A Consumer-Owned Utility Would Help Maine Reach its Climate Goals
Republished here by permission of the author. Appeared originally as a letter to the editor in the Brunswick Times Record on October 24, 2022
Douglas Rooks’ analysis of Maine issues and his policy prescriptions nearly always make me nod in agreement. Not so with his “Doing public power the right way” (TR 10/20/2022).
We have two key points of agreement. First, Maine’s foreign-owned monopoly utilities, Central Maine Power and Versant, are among the worst performing in America. Second, creating a Maine Public Power Authority is needed to reach Maine’s ambitious climate goals: an accelerated transition to renewable energy and electrification of the economy (heat pumps, e.v.s, etc.). I’ve previously made this case in the Portland Press Herald (“Maine needs to ‘go big’ to meet climate goals” 3/22/2022).
Where Rooks’ analysis and policy prescription fall short is in his critique of the Pine Tree Power initiative, which would replace our investor-owned monopolies with a consumer-owned utility (COU). Rooks argument against Pine Tree Power rests on two core inaccuracies.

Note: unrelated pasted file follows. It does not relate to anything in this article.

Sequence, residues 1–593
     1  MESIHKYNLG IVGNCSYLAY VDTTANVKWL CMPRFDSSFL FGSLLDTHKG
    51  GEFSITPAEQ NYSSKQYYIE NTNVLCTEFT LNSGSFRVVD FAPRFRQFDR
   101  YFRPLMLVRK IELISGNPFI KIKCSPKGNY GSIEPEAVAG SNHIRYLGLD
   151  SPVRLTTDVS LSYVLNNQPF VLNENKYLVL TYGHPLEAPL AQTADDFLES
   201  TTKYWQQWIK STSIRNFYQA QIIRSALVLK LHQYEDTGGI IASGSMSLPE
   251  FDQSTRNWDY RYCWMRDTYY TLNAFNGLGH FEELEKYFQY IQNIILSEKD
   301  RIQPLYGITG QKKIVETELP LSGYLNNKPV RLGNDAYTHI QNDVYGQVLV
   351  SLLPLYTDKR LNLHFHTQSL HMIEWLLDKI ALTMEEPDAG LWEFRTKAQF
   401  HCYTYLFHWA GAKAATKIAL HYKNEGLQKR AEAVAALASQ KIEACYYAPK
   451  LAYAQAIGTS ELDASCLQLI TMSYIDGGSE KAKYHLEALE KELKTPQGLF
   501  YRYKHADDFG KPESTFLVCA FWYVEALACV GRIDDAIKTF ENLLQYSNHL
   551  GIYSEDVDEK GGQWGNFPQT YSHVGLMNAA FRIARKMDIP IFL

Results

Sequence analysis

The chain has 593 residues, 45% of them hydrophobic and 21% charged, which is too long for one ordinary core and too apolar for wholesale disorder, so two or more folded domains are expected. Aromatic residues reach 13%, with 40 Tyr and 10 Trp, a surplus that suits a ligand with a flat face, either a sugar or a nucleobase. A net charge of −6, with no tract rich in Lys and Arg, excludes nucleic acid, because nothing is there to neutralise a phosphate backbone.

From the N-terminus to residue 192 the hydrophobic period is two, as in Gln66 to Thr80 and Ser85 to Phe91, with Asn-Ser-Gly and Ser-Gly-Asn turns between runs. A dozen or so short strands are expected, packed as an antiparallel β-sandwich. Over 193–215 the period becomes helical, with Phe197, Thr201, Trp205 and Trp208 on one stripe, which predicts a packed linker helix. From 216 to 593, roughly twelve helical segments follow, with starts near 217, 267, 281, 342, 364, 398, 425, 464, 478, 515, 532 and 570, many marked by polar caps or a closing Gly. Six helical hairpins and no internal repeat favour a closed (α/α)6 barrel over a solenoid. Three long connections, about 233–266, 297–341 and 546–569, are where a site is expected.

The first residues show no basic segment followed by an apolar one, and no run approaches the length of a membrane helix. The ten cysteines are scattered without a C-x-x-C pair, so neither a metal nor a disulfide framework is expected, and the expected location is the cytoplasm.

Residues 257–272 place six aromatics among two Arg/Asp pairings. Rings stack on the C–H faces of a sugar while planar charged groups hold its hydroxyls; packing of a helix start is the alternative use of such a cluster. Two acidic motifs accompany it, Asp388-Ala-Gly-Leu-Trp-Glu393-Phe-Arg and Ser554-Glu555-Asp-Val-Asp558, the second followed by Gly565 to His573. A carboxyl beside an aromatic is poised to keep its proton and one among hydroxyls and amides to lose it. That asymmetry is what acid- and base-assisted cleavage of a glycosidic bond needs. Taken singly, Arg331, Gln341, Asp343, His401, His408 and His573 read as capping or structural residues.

First, he contends that “Figuring out how this would actually work – there’s nothing like it elsewhere – can provoke queasiness.” On the contrary, America has a great deal of successful experience with consumer-owned utilities. Nearly one-third of American households – and 97 Maine towns — currently receive their power through COUs. Generally, COU electricity is both cheaper and more reliable than private monopolies.
Second, Rooks naively accepts Central Maine Power’s grossly inflated $13 billion estimate of the cost of acquiring its assets. The actual acquisition cost, to be established by independent auditors, is likely a fraction of that magnitude. And the assets would be acquired with low-interest loans.
Maine must indeed “go big” to reach its climate goals, and a consumer owned utility should be at the heart of our strategy.